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PLUTO - 3 | by D-Day Museum, Portsmouth, UK
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PLUTO pipeline could be laid by ship - as in this case - or by a Conundrum (see other photos). This is H.M.S. Persephone, and you can see the huge drum fitted to her for laying HAMEL type pipe.


PLUTO (Pipeline Under the Ocean) was invented to create a secure way of transporting fuel from the UK to Normandy. The original plan was to lay PLUTO 18 days after D-Day (24 June), but it was delayed until 22 September, first by damage caused by the Germans to Cherbourg before surrendering the city, and then by problems laying the pipe. Eventually four pipelines were laid between the Isle of Wight and Cherbourg in France, and from 27 October onwards 17 pipelines from Dungeness in Kent to Boulgone. The longest pipeline was 500 miles, from Normandy to Germany. For a while, PLUTO pumped 1 million gallons per day (equivalent to 250,000 jerry cans). But only 10% of fuel used from D-Day to end of war went by PLUTO – the rest went across mainly by tanker ships. So although it was a good idea, it didn’t really reach its full potential, and came into use too late to effect the Battle of Normandy (June to August 1944).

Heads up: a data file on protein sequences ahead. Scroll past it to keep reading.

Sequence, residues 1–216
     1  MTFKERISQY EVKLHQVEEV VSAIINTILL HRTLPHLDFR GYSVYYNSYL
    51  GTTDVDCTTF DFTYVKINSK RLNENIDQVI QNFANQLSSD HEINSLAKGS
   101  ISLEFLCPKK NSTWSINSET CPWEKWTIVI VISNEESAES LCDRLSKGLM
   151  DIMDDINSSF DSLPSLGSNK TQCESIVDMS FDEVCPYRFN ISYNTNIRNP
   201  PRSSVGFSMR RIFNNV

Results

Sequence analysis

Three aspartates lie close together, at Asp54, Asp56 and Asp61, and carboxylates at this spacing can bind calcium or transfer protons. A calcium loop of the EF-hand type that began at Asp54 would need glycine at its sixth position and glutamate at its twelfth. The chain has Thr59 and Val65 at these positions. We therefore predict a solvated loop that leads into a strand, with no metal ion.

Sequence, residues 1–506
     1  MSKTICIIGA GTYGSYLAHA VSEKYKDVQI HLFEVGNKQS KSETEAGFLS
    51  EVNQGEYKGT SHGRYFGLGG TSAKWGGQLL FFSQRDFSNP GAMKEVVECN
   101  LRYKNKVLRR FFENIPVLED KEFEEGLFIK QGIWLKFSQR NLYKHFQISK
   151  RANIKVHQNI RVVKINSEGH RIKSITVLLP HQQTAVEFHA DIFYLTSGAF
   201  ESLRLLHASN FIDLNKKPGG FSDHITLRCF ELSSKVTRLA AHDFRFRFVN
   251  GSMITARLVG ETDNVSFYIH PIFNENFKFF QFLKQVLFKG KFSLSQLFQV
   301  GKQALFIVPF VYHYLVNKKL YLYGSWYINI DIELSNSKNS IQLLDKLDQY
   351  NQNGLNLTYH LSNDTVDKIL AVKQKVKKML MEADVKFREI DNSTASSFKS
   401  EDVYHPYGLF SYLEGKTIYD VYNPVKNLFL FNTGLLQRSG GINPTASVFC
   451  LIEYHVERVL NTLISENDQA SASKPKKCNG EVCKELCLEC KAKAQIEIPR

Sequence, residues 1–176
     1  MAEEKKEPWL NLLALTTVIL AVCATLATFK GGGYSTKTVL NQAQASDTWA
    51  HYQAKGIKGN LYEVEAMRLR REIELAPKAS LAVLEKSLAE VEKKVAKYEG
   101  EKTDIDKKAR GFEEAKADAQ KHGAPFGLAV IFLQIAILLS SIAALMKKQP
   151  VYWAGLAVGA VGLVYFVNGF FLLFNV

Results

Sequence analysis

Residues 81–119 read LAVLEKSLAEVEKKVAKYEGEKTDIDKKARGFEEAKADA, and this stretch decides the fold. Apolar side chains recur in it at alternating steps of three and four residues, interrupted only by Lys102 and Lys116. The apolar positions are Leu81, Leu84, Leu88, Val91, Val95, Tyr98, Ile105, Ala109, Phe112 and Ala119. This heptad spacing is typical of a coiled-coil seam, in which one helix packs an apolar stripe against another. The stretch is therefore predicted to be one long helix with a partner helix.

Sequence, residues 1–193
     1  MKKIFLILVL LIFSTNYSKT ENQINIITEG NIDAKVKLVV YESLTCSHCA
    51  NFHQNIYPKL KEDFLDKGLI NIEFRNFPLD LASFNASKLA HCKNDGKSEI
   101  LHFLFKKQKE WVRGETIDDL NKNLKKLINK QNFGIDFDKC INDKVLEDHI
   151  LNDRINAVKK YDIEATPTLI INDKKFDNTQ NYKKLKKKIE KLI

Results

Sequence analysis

Reproduction rights: D-Day Museum, Portsmouth. Do not copy.

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Taken on November 23, 2008